Dandelion Everything: From quesadillas to pesto and cookies, Jill over at the Prairie Homestead has sixteen of my favorite (and unexpected) dandelion recipes.

A few dandelion notes....
  • If you're using any of these recipes, please collect dandelions from your own pesticide and chemical free garden, rinse gently, and be sure that they haven't been sprayed with anything other than nature. 
  • By the way, did you know that Crayola retired their Dandelion Yellow Crayon this year? We are not quite sure why, but they did say that he had "an adventurous spirit" with "a case of wanderlust", which could be useful considering that Dandelion, at only 27 years old, seems far too young to retire. 
  • A dandelion is so nutritious that the delightful Dr. Andrew Weil affectionately calls it, the accidental vegetable

                         *Thank you to Andrea at Forest and Fauna for the main photograph.

Friday, May 26, 2017

Beautiful Moments

I knew I needed to weed the garden and mow the lawn (as well as the twenty-seven other things on my to-do list) but I baked a cake instead. Then, when I ran out to do an errand, I saw that the clematis had bloomed - when I wasn't looking, it had gone ahead and does what it does every year - without any weeding, or any care at all from me. It had become beautiful all by itself.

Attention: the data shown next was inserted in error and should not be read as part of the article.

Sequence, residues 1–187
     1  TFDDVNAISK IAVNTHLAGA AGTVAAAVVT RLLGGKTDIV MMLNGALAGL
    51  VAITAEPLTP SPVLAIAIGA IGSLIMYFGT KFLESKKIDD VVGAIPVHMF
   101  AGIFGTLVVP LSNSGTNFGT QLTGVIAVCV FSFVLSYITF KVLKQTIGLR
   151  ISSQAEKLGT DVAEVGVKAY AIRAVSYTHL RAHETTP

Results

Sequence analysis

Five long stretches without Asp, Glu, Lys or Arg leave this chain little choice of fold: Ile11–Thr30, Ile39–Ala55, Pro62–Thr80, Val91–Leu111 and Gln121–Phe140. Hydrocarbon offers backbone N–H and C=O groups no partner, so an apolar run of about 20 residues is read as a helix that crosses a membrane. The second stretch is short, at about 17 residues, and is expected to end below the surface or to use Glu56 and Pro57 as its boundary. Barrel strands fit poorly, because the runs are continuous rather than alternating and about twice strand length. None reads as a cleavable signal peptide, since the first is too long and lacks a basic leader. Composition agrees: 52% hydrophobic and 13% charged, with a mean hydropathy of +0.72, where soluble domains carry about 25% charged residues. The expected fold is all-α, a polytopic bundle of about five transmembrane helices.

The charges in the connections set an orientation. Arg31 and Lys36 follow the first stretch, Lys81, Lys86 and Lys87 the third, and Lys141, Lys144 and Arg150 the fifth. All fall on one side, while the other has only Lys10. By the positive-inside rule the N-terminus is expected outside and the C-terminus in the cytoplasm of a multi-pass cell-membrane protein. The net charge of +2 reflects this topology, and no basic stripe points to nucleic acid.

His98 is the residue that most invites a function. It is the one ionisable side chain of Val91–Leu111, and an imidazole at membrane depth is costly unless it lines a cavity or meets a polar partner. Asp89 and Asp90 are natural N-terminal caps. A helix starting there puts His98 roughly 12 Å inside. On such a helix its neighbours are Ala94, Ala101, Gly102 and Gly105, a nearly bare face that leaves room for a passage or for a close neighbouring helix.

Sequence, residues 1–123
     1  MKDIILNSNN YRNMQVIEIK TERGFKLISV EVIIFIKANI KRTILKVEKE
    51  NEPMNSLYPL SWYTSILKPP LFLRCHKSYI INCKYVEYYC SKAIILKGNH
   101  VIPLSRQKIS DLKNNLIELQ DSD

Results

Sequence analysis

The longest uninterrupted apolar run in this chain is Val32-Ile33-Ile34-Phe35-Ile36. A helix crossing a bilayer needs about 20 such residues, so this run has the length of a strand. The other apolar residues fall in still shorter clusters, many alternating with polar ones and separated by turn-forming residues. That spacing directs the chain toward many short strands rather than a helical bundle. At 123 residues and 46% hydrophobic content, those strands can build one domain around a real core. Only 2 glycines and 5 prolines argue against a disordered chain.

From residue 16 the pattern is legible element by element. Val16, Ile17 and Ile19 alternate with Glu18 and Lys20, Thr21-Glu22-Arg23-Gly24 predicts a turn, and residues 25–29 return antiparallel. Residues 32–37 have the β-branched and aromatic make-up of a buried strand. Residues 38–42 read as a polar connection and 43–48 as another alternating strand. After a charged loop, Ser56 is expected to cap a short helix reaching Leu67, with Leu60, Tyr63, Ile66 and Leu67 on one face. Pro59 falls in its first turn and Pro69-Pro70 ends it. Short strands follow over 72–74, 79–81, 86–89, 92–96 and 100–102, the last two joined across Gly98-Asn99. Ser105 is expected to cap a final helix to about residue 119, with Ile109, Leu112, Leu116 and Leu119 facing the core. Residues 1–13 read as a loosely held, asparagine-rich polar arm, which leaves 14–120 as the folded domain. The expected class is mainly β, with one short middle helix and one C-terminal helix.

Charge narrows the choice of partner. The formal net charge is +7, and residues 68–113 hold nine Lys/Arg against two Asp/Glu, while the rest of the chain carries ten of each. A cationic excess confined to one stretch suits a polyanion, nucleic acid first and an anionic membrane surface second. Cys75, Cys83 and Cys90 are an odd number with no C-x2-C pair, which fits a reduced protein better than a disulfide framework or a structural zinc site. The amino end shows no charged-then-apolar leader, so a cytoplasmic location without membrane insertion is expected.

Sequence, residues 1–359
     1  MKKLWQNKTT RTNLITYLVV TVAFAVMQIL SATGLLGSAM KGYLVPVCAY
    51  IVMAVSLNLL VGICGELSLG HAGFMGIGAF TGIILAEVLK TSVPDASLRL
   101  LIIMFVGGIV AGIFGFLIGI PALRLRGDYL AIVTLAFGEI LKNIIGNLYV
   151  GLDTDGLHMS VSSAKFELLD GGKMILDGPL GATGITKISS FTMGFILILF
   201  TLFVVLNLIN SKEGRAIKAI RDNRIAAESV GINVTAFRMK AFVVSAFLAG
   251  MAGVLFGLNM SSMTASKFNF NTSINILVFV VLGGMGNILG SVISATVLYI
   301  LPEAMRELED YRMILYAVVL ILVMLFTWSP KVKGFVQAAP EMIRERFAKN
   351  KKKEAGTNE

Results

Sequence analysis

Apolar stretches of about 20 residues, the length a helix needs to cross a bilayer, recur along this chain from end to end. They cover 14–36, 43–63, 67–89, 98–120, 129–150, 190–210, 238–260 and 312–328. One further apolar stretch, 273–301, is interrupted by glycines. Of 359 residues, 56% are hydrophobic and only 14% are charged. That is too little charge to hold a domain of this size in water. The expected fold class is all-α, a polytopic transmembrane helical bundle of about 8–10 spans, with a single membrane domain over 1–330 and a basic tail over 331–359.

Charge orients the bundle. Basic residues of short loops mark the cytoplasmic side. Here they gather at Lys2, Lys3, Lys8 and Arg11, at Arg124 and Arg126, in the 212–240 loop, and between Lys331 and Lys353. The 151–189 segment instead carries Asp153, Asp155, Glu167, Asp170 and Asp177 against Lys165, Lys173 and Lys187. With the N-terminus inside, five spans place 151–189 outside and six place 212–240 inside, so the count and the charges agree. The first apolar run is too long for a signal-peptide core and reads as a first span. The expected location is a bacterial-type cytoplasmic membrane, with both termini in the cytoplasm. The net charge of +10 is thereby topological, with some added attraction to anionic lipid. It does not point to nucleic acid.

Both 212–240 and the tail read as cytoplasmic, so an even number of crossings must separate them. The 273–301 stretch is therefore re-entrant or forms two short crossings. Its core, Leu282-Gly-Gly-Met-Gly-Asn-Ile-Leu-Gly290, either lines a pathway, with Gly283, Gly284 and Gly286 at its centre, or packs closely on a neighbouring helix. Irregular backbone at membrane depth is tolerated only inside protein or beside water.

Perhaps I was having a moment, but it made me cry, and I caught my breath as I stopped and took a good look around the garden. I went back inside and grabbed by phone so that I could take photographs, afraid that it would all be mysteriously gone by the time I got back from the shops.

So busy in my head over the last few weeks, I had neglected some of the things that were important to me - beautiful, silly things that fed my soul, that I needed to take care of because in doing so they actually took care of me.

When I grabbed my phone, I also took the gardening scissors and some floral string. I spent the next half hour pruning and tying up the roses - they haven't flowered yet, but I know they will appreciate not being thrown around by the next storm. There is a branch over twelve foot tall that is reaching towards the top of the house, but as it is covered in rosebuds I don't have the heart to cut it down. Perhaps after they bloom.

They all grew without me. With no help, no words of encouragement, no passing glance, no special soil or fertilizer to brighten their color. They just grew. They grew into their beauty. Soon they will lose their color, they will rest, and then begin to do it all over again. And as I stepped back onto the wet grass, tears dripping down my face, it struck me that we need them far more than they need us.

Monday, May 15, 2017

A Floor Update and More DIY